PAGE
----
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Source — The Huffington Post

News

USA: Pennsylvania is sentencing people to die in prison at an alarming rate

A new report from the Abolitionist Law Center “presents a definitive portrait of a punishment that is archaic, cruel, unjustified, and indefensible,” its co-author says.

The state of Pennsylvania is using a particularly harsh form of punishment all too frequently: sentencing people to life in prison without the possibility of parole ― or, as critics call it, “death by incarceration,” according to a new report.

“A Way Out: Abolishing Death By Incarceration in Pennsylvania,” a detailed report published this week, finds that there are 5,346 people serving out life sentences without parole in Pennsylvania. Only Florida ― a state with roughly twice the population and twice the number of people in prison ― has more people currently serving such sentences.

In Philadelphia County alone, 2,694 people are serving life sentences without parole ― more than in any other U.S. county and any single country in the world. More than 1 in 10 people in the U.S. serving out such sentences are in Pennsylvania.

The report by the Pittsburgh-based Abolitionist Law Center, which seeks to end class- and race-based mass incarceration in the U.S., also uncovered alarming racial disparities regarding these sentences. Black people in Pennsylvania are serving out life sentences without parole at 18 times the rate white people are. Latinx people are serving out these sentences at a rate five times that of whites.

In Philadelphia, 1 in every 294 black residents is serving a sentence that means spending the remainder of their life permanently caged.

Young people disproportionately receive life sentences, the report notes, as most lifers were convicted and sentenced when they were 25 years old or younger. This is particularly disturbing because scientific research suggests that the adolescent brain continues to develop into the mid-20s ― something the U.S. Supreme Court has recognized by considering juveniles less culpable than adults for crimes and by banning the mandatory sentencing of juveniles to life without parole for crimes other than homicide.

Incarcerating people is financially costly, but incarcerating them for the vast majority of their lives raises those costs even higher, according to the report. In Pennsylvania, more than 70 percent of people currently serving life sentences without parole are over 40 and nearly half of them are over 50 ― meaning that incarcerating elderly inmates costs the state an estimated $86 million per year.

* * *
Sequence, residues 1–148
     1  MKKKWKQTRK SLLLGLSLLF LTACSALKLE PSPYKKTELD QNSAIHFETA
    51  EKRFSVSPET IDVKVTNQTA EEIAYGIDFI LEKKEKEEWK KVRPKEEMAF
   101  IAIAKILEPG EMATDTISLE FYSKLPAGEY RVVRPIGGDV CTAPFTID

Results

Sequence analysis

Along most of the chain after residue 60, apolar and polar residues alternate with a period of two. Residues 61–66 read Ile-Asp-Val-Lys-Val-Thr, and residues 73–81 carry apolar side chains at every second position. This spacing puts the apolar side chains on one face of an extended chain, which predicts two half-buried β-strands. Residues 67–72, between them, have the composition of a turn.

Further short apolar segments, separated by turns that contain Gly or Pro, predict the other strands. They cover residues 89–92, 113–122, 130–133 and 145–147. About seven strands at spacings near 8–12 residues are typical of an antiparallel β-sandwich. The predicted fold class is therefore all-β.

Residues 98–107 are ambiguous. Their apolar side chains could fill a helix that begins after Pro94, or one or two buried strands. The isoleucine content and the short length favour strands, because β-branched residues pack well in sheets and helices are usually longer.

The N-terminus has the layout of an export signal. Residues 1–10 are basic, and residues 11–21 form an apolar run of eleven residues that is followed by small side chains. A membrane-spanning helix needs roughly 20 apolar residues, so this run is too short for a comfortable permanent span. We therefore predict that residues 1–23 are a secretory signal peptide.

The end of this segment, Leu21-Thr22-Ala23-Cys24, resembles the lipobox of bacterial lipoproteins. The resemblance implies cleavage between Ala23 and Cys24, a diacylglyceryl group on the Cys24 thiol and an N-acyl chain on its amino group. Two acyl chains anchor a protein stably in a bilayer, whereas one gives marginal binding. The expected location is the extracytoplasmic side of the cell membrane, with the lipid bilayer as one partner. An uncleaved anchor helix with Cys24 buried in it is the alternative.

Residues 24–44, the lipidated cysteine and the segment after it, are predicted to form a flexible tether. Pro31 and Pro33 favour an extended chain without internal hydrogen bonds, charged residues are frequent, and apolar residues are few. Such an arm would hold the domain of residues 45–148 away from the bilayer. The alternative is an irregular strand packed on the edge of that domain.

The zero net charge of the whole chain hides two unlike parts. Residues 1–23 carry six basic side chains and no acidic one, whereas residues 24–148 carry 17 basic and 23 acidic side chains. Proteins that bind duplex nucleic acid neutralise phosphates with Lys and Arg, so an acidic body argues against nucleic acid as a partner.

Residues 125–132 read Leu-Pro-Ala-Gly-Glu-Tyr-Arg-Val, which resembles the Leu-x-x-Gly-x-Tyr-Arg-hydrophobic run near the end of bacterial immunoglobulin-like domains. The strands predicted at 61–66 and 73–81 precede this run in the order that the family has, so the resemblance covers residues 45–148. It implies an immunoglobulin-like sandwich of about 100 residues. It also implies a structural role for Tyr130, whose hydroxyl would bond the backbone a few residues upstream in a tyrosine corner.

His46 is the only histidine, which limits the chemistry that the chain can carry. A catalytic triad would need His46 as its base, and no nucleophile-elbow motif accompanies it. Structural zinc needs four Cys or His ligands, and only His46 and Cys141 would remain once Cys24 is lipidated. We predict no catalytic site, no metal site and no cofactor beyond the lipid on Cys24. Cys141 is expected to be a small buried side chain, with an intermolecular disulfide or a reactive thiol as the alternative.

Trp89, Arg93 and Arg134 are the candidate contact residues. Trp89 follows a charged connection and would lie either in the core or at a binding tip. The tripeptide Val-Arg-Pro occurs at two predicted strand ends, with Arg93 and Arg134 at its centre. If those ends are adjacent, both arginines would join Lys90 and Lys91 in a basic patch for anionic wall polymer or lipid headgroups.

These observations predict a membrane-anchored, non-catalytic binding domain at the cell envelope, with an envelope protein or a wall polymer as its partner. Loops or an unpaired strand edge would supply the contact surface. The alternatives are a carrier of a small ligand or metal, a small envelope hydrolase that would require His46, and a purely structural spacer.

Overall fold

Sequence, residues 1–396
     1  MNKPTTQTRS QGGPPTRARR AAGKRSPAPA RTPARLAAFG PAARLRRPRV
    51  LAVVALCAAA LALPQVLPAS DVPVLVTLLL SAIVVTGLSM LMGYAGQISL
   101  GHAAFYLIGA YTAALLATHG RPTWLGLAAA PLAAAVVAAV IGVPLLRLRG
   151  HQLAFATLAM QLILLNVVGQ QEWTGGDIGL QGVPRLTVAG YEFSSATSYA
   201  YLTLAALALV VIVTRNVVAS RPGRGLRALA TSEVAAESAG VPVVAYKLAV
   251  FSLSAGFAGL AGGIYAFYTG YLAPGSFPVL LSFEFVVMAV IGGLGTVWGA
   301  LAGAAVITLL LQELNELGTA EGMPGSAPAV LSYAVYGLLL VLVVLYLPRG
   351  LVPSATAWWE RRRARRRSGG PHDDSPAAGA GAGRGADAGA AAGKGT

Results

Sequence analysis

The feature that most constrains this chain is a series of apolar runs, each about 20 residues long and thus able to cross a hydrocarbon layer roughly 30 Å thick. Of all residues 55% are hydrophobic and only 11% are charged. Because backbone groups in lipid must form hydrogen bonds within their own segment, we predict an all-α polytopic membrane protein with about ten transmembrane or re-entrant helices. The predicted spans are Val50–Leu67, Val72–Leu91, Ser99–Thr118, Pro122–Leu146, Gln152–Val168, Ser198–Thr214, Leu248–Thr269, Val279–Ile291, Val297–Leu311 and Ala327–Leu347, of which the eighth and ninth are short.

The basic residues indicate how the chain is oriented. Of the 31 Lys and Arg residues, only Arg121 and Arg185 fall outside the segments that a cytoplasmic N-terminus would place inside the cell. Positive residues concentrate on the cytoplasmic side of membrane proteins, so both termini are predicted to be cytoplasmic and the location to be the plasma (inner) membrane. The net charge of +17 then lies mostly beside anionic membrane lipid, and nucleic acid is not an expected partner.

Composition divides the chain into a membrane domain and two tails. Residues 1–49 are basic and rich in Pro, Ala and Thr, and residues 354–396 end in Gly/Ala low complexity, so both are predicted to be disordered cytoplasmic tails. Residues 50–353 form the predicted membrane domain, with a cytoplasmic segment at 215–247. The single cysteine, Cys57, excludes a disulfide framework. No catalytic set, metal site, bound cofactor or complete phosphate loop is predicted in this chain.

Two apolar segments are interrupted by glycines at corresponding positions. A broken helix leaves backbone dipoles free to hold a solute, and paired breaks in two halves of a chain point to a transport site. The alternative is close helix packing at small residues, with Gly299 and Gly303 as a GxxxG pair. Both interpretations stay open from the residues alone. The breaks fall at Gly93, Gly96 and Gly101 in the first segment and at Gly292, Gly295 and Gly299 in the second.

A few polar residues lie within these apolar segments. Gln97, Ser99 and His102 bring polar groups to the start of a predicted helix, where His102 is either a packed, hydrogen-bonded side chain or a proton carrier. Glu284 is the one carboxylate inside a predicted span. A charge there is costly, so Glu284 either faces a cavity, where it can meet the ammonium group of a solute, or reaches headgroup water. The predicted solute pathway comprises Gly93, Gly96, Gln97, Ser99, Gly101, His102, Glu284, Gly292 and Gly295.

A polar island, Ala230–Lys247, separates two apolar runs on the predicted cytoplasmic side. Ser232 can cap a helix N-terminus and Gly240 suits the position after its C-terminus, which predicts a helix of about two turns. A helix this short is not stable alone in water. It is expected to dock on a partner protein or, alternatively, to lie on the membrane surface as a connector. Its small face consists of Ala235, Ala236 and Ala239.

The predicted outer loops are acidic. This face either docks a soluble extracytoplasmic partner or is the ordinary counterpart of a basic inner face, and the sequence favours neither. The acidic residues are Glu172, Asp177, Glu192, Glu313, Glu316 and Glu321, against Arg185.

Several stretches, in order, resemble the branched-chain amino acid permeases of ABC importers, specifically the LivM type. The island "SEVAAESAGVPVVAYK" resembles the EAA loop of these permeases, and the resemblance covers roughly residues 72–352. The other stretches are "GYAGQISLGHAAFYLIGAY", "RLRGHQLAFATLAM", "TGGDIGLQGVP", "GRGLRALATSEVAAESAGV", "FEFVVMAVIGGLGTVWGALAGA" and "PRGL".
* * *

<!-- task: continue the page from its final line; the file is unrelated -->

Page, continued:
“This report presents a definitive portrait of a punishment that is archaic, cruel, unjustified, and indefensible,” said Bret Grote, co-author of the report and legal director of the Abolitionist Law Center.

*“Death by incarceration sentences do not keep the public safer. The human and economic costs are staggering and growing by the year, as thousands of aging, rehabilitated men and women are locked away needlessly.” *

Over the last several decades, there has been a dramatic growth in the inmate population in the U.S. ― a 500 percent surge since the 1980s. With less than 5 percent of the world’s population, the U.S. is now home to more than 20 percent of the world’s prisoners. And even when not caged, 1 in every 37 U.S. adults is under some form of correctional supervision.

Concurrently, the number of people serving life-without-parole sentences in the United States has expanded dramatically, from about 12,000 in 1992 to over 53,000 today. Pennsylvania, too, saw its population of prisoners who are serving out the sentence explode, from fewer than 500 people in the 1970s to more than 5,000 in 2017. And while the state saw a 21 percent decline in violent crime between 2003 and 2015, the population of people sentenced to life without parole rose by 40 percent between 2003 and 2016.

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